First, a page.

Exit, voice, and loyalty: responses to decline in firms, organizations, and states

Front Cover
Harvard University Press, 1970 - Business & Economics - 162 pages
21 Reviews

An innovator in contemporary thought on economic and political development looks here at decline rather than growth. Albert O. Hirschman makes a basic distinction between alternative ways of reacting to deterioration in business firms and, in general, to dissatisfaction with organizations: one-exit-is for the member to quit the organization or for the customer to switch to the competing product, and the other-voice-is for members or customers to agitate and exert influence for change "from within."

The efficiency of the competitive mechanism, with its total reliance on exit, is questioned for certain important situations. As exit often undercuts voice while being unable to counteract decline, loyalty is seen in the function of retarding exit and of permitting voice to play its proper role.

The interplay of the three concepts turns out to illuminate a wide range of economic, social, and political phenomena. As the author states in the preface, "having found my own unifying way of looking at issues as diverse as competition and the two-party system, divorce and the American character, black power and the failure of 'unhappy' top officials to resign over Vietnam, I decided to let myself go a little."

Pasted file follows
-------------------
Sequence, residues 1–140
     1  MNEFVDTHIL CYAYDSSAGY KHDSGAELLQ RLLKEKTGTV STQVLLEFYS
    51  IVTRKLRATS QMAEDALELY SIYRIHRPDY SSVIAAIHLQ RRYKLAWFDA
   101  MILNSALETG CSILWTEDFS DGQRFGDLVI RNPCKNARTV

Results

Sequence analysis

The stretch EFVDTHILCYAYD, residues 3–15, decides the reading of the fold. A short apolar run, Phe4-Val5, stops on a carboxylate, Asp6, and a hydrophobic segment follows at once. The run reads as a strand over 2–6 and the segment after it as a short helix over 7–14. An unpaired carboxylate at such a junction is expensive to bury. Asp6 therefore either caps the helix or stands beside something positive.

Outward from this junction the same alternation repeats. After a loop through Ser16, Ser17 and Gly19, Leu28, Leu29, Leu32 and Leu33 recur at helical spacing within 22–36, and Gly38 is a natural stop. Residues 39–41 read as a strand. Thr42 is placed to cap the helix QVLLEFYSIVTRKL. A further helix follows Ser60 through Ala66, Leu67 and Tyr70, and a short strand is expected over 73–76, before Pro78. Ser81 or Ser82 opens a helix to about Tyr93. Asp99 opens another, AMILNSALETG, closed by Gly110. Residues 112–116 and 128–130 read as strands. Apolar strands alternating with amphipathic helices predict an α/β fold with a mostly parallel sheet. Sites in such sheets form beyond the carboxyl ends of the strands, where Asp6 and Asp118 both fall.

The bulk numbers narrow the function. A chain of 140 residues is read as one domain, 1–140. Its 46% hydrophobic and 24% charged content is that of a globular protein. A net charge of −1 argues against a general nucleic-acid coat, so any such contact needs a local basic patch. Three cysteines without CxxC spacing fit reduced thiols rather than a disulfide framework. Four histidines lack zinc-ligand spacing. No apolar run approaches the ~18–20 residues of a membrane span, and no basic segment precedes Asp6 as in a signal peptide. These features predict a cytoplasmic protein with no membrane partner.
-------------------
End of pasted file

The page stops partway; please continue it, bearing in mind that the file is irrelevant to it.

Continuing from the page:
From inside the book

What people are saying - Write a review

User ratings

5 stars
6
4 stars
7
3 stars
7
2 stars
1
1 star
0

Review: Exit, Voice, and Loyalty: Responses to Decline in Firms, Organizations, and States

User Review  - Etanouye - Goodreads

Didn't read all the appendices. Read full review

Review: Exit, Voice, and Loyalty: Responses to Decline in Firms, Organizations, and States

User Review  - Rolin Bissell - Goodreads

Although mercifully short and jargon free, this still felt like a turgid and belabored treatment of an insight that probably seemed a lot fresher when Hirschman first made it over 40 years ago. In E,V ... Read full review

Contents

Introduction and Doctrinal Background
1
Exit and voice as impersonations
15
Exit
21
Copyright

11 other sections not shown

Common terms and phrases

References to this book

All Book Search results »

About the author (1970)

Albert O. Hirschman is Professor Emeritus of Social Science at the Institute for Advanced Study, Princeton. His many publications include "Exit, Voice, and Loyalty, The Passions and the Interests, " and "A Propensity to Self-Subversion.

Bibliographic information